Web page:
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26/07/2016

Air pollution and physical inactivity: Active transport for healthier cities

Transport

Air pollution and physical inactivity: Active transport for healthier cities

Europeans' activity levels could increase through biking to and from work.

[Shutterstock]

National governments should also provide institutional and legislative frameworks that spur regional and local authorities to better integrate transport within wider health and environment policies, writes Alain Flausch.

Alain Flausch is Secretary General at UITP (International Association of Public Transport).

Governments and cities across Europe are facing a major crisis: the effects of physical inactivity, poor air quality, road traffic injuries, noise, stress and isolation – all intricately linked to transport and our urban environments – are causing a dramatic increase in health problems.

Insufficient physical activity is the fourth leading risk factor for global mortality and is on the rise in many countries according to the World Health Organisation. Due to sedentary lifestyles, cases of obesity, heart disease, strokes and certain cancers and diabetes are on the rise: partly because of our office-bound culture, but also due to our transport mode of choice: the private car.

How we move about in cities is having a direct impact on our health, but there is an alternative. The health benefits of active transport (walking and cycling) combined with public transport, including on diabetes, mental well-being, obesity and cardiovascular disease which would help us to prevent many of the 3.2 million deaths from physical inactivity.

Well-organised urban public transport offers major health benefits by facilitating more active lifestyles and also by fighting against climate change, cutting traffic congestion and reducing air and noise pollution. Urban air pollution and traffic injuries alone are responsible for 2.6 million deaths annually, mostly in low- and middle-income countries.

Active modes of transport have also been shown to have direct economic benefits as well.

To cite just one example, 76,600 additional jobs could be created in the pan-European region if selected cities had the same cycling modal share as Copenhagen.

Compared with the sedentary experience of driving a car, public transport plays a central role in encouraging more active travel as most journeys by public transport also involve a walk or cycle to a stop or station.

In the UK, a study conducted on behalf of Greener Journeys showed that taking the bus five times per week provides half of the recommended 30 minutes of moderate physical activity five times per week, with a typical bus journey involving 1.3 km of walking and 62 calories consumed compared to 0.3 km and 16 calories by car.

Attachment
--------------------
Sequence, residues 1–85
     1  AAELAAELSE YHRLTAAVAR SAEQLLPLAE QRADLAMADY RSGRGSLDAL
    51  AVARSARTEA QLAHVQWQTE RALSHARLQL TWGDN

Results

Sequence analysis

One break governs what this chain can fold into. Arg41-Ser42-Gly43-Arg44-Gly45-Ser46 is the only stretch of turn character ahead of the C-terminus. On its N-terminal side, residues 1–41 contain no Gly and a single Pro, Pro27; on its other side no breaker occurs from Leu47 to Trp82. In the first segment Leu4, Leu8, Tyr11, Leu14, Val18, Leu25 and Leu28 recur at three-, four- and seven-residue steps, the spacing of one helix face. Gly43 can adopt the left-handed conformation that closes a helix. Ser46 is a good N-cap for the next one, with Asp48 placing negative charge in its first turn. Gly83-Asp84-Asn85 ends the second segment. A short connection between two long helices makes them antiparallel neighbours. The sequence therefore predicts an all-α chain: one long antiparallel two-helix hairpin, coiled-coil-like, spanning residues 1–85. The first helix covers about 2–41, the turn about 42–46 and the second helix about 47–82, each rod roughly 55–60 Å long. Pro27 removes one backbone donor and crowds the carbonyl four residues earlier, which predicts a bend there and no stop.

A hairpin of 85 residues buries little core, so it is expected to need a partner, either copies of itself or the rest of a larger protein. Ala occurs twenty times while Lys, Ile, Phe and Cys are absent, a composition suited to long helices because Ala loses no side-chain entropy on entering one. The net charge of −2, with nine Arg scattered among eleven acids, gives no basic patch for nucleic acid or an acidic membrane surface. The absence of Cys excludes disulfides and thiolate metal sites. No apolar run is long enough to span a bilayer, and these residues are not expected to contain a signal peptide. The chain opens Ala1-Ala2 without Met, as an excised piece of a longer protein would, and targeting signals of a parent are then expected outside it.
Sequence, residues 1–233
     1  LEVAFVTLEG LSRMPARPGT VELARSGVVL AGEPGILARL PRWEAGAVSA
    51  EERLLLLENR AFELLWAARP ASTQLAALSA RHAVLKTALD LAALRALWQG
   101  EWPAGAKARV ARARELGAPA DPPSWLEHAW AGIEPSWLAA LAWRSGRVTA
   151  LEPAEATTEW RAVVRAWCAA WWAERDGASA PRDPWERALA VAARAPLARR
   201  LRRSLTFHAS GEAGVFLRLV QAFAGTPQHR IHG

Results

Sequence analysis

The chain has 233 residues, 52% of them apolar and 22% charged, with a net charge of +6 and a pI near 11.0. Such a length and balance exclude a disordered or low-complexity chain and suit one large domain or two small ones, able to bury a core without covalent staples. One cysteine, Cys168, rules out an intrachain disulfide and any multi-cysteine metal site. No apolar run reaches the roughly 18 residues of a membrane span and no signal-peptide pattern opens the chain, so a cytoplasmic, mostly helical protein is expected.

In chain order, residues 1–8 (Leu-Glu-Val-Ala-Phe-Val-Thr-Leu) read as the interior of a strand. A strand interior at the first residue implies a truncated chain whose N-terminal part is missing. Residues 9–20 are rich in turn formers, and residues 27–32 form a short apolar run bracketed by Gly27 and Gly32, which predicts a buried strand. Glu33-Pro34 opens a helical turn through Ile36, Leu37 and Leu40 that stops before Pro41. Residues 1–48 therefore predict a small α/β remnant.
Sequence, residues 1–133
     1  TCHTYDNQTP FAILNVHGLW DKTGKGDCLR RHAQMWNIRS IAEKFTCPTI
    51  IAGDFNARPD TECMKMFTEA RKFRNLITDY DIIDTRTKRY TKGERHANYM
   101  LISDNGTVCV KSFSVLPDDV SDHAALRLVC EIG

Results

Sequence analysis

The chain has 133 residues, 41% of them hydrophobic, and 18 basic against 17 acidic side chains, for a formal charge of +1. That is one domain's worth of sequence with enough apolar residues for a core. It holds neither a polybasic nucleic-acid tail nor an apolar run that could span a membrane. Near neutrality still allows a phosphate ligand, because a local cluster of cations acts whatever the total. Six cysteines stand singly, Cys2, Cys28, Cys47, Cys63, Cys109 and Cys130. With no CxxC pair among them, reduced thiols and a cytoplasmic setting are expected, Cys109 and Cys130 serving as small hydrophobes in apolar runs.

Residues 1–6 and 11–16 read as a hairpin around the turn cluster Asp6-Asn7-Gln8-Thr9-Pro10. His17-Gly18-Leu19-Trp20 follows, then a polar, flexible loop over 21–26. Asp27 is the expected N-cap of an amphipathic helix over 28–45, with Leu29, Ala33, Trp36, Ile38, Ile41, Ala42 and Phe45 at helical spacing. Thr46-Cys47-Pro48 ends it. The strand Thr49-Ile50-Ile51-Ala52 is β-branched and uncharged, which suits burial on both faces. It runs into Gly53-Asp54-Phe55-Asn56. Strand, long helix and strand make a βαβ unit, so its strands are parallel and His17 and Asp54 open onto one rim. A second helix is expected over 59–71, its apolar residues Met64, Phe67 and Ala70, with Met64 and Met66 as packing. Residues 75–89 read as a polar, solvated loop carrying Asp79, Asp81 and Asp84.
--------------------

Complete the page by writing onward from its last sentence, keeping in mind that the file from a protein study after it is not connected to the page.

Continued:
Walking and cycling are very much complementary with public transport and studies have shown that support to one is likely to lead an increase of the modal share of the other in many cases.

These benefits, however, require policies that actively support sustainable transport as well as adequate urban planning: for example, investment in making streets safer, greener and more inviting for pedestrians and cyclists to help improve public health and quality of life.

This in turns helps to increase accessibility based on urban regeneration, social inclusion and cohesion as well as boosting sustainable growth and jobs.

National governments should also provide institutional and legislative frameworks that spur regional and local authorities to better integrate transport within wider health and environment policies.

Encouraging active transport can be done, for example, by making sure that housing policies focus on urban densification and do not induce congestion or sprawl, which in turn leads to car dependency. Equally, employers can play their part by encouraging or rewarding sustainable mobility habits by setting up company mobility plans.

Lastly, assessing the effectiveness of urban mobility policies will require us to look beyond GDP figures and identify and assess the main transport-related factors that define quality of life in urban areas, such as: employment availability, safety, accessibility and urban amenities and services.

Urban transport policies can either actively enhance public health or pose a health risk to society: getting it right makes sense not only for the sake of our health, but it will help transform Europe’s cities into greener, more prosperous and agreeable places in which to live and do business.